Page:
When Karloff returned to Hollywood in June of 1933, his weekly salary was duly raised to $1,250 and an agreement was inked with Universal allowing him to work at other studios. The actor expanded his range to include a British soldier carried away by religious mania while serving in Mesopotamia in John Ford's The Lost Patrol (1934) at RKO and a titled Prussian anti-Semite bedeviling George Arliss and family in The House of Rothschild (1934) for United Artists. Karloff the Uncanny returned to Universal City in time to play a Satanic architect in Edgar G. Ulmer's The Black Cat (1934). Having very little to do with the Edgar Allan Poe story on which it was ostensibly based, the film was nevertheless genuinely creepy and is historically noteworthy for being the first pairing of Karloff with his rival in menace at Universal, Bela Lugosi. The Black Cat wrapped on March 17, 1934, exactly one year to the day after Karloff stepped ashore at Southampton to begin filming The Ghoul.
by Richard Harland Smith
Karloff The Man, The Monster, The Movies by Denis Gifford
Karloff: The Life of Boris Karloff by Peter Underwood
Karloff and Lugosi: The Story of a Haunting Collaboration, by William Mank
English Gothic: A Century of Horror Cinema by Jonathan Rigby
Universal Horrors: The Studio's Classic Films, 1931-1946 by Michael Brunas, John Brunas and Tom Weaver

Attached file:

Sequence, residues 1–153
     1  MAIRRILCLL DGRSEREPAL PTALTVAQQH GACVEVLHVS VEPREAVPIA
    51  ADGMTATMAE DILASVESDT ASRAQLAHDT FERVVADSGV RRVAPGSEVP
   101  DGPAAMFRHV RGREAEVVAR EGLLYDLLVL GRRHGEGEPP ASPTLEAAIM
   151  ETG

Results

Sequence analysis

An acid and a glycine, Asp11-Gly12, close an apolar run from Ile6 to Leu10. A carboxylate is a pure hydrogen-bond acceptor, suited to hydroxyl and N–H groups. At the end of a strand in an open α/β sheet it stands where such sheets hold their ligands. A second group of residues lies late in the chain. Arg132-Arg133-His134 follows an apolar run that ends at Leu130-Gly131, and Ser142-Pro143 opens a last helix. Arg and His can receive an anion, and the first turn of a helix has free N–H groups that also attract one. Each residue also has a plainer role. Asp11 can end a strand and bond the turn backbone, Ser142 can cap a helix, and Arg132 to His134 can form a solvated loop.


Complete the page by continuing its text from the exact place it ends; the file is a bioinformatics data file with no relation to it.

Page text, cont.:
The Horror People by John Brosnan
Golden Horrors: An Illustrated Critical Filmography, 1931-1939 by Bryan Senn
Hitchcock Becomes "Hitchcock": The British Years by Paul M. Jensen
The Ghoul (1933)
This was the first British film to be labeled "horrific".
This was the first British horror film of the sound era.
For years this was regarded as a "lost film" with no prints or elements known to exist. A nitrate release print was discovered in the Czech National Archives in Prague. This print was a subtitled edited version that was in poor condition and contained numerous splices. Years later, a print of the uncut British version was finally discovered.
Some U.S. theatre prints were shown in spherical widescreen. The movie wasn't shot in widescreen. The bottom of the screen had been matted to cover up the Czech subtitles (present on the only known existing version at the time) thereby creating the rectangular widescreen shape.
Modern sources include Producer Michael Balcon, Screenplay L. DuGarde Peach and Design Alfred Junge in the production.